If you determine that information security certifications will help your career, which ones should you take? What is the right order? In Part 1, I introduced this topic. In Part 2, I suggest you do some research and sleuthing before embarking on a certification exercise.
Information security certifications span many categories including general, technical, or audit/risk-oriented. TechTarget’s IT Security Certification Guide helps people sort through the large, growing number of certifications. Ask ten different, private sector (the government sector requires a separate, dedicated post) information security professionals which certifications are important, and you will get ten different answers. Some technical certifications are powerful. If that is your cup of tea, the question is which ones do you need? The answer is it depends on your current or desired role, plus your career trajectory. SANS has a list of 20 Cool InfoSec & Cybersecurity Jobs, including Forensic Analyst, Prosecutor Specializing in Information Security Crime, CISO, and Security Maven in an Application Development Organization.
If you are looking for a new job in information security, it should not be a guessing game to figure out which certifications to pursue. One strategy for making your next career move is to actively target and profile the organization, plus the specific job requirements. Here is a start:
- What are the top ten employers in your preferred geographic location, or job-hunt target market? Search on LinkedIn to identify any contacts you may have at these organizations. Or you may simply need to contact a different group in your current organization.
- Once you have a target list of companies or organizations, and have made some contacts. Ask very specific questions about current or upcoming job openings. Ask about the skills or certifications that are desired or required by the hiring manager.
- Is there a nearby OWASP or ISSA chapter? Members often know about job openings before they are posted, and will sometimes announce posted jobs at meetings. They could also give you insight into the specific tools or certifications you will need.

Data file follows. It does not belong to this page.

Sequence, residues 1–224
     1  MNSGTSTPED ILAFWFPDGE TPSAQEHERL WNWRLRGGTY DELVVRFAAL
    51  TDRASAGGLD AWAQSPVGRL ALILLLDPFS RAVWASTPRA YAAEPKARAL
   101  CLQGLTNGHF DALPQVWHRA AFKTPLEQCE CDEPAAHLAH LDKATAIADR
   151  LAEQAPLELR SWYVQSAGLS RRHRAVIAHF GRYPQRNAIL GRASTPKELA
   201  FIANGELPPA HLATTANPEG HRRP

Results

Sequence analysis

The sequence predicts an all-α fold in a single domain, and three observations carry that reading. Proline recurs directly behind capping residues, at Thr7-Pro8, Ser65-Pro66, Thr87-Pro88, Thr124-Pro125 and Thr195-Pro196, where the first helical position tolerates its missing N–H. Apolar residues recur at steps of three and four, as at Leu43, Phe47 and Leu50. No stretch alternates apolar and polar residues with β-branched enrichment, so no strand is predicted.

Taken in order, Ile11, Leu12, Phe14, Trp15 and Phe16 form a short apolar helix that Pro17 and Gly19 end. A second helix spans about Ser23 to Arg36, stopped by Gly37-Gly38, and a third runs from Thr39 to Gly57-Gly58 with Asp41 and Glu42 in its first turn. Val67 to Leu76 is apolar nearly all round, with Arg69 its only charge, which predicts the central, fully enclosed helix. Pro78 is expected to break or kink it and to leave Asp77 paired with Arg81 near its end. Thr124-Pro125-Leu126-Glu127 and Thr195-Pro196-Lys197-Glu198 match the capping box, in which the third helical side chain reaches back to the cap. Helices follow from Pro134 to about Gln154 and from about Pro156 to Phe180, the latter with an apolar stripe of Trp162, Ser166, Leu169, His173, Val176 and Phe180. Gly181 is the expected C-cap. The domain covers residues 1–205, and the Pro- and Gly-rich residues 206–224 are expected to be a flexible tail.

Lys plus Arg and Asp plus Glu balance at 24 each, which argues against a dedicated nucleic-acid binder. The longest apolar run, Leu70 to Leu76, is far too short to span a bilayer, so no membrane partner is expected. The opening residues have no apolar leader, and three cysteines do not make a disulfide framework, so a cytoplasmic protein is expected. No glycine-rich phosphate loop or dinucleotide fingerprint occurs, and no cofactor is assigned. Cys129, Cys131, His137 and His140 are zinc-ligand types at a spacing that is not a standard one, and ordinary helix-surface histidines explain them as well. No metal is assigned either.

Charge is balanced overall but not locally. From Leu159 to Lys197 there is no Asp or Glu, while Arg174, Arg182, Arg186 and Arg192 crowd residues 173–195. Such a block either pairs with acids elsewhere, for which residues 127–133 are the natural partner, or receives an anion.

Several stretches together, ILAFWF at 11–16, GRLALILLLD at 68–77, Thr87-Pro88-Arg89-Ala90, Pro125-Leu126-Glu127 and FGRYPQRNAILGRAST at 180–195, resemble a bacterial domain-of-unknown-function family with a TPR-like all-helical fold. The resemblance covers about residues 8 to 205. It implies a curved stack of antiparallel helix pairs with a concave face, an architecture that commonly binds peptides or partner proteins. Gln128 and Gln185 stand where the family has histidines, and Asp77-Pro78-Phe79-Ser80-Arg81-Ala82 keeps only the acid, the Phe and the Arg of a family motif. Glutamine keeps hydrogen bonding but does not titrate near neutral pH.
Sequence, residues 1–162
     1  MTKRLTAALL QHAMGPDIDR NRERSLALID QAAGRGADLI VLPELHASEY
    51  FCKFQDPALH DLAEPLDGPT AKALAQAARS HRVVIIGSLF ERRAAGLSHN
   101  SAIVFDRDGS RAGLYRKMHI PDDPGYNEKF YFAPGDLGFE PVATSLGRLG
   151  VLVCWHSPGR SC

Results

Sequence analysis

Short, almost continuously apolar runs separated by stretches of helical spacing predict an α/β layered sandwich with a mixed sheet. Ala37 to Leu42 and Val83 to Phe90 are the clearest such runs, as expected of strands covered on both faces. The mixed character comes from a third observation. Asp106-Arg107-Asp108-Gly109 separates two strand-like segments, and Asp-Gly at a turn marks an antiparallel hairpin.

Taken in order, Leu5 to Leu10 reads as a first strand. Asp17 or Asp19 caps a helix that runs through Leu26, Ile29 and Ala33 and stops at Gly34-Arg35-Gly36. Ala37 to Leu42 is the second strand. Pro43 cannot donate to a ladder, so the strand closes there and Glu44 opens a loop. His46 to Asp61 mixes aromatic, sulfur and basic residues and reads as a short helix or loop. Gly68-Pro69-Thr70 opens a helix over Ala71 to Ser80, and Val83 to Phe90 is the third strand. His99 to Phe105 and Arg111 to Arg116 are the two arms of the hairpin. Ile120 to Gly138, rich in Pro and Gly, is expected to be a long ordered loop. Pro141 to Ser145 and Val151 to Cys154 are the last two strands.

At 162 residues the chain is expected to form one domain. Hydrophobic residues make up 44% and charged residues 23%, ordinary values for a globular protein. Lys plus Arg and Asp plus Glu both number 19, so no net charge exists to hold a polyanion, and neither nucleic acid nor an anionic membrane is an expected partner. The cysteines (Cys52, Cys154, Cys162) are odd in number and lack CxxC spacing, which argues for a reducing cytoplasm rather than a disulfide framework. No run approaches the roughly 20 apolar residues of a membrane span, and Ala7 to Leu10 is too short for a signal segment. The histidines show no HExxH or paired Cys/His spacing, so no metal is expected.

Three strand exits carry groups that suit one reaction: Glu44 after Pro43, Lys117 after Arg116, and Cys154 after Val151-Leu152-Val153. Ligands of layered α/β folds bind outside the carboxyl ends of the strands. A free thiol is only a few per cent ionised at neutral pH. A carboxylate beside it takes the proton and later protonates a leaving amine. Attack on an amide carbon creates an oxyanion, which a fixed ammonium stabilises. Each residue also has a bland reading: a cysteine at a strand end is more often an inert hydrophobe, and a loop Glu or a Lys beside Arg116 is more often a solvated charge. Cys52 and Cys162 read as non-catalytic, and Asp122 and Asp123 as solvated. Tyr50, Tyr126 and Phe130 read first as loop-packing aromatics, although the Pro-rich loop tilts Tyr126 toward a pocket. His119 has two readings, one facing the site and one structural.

When it comes to understanding the profile of an ideal candidate, there is a gap between the recruiter and the hiring manager. Hiring managers are typically more interested in experience; but recruiters are drawn to certifications. This bifurcation is characterized in the July 2009 Booz Allen report, Cyber IN-Security, Strengthening the Federal Workforce, as the presence of “A disconnect between hiring managers and human resources specialists. Frontline managers are consistently less satisfied with the effort to hire cybersecurity talent than their peers in human resources.”
The February 2014, Ponemon Institute study, Understaffed and at Risk: Today’s IT Security Department, indicates 59 percent of respondents say professional certifications and degree programs are rewarded. The report also notes, “On-the-job experience and professional certifications make the biggest difference when hiring a security practitioner. Most job recruiting takes place at conferences.” Ideally, a candidate has a degree, experience, and certifications. Just to add comic relief, here is a comment from a LinkedIn posting of Part 1: some of the best attackers are high school kids, hacking into systems set up by people with certifications, experience, and advanced degrees.
In John Hale’s article on 15 Top-Paying Certifications for 2014, he reports on a survey (he did not publish how many people were included, or his methodology) and states that Certified in Risk and Information Systems Control (CRSIC) topped the list with a mean salary of $118,253. Certified Ethical Hacker (CEH) ranked ninth on the list with a mean salary of $103,822. Certified Information Systems Security Professional (CISSP) did not have enough respondents; but he indicated the average pay is $114,287. Note that this is not vendor-neutral, and is essentially marketing for his firm that offers certification training.
Certifications are not for everyone. Talent and experience trump certifications, especially if you are already established in your career. It also depends what your career goals are. The 2014 worldwide CheckMarx Information Security Salary report indicates 90% of CISOs have certifications. The January 2014 Wall Street Journal article, New Cyber Threats Juice Pay for Security Chiefs, states that in the higher-paying financial services industry, “CISO salaries have grown between 50% and 100% over the past couple of years. Given the heightened demand, CISOs can command salaries ranging from $350,000 to $1 million per year.”
Some people believe certifications are not worth the paper they are written on. To quote one of my favorite bloggers, Daniel Miessler, "Certifications don’t have any inherent value. They’re worth precisely as much as people value them. If employers are asking for them at places you want to get hired, they matter. If the places you want to get hired don’t care at all about them, they don’t have value there. It’s that simple."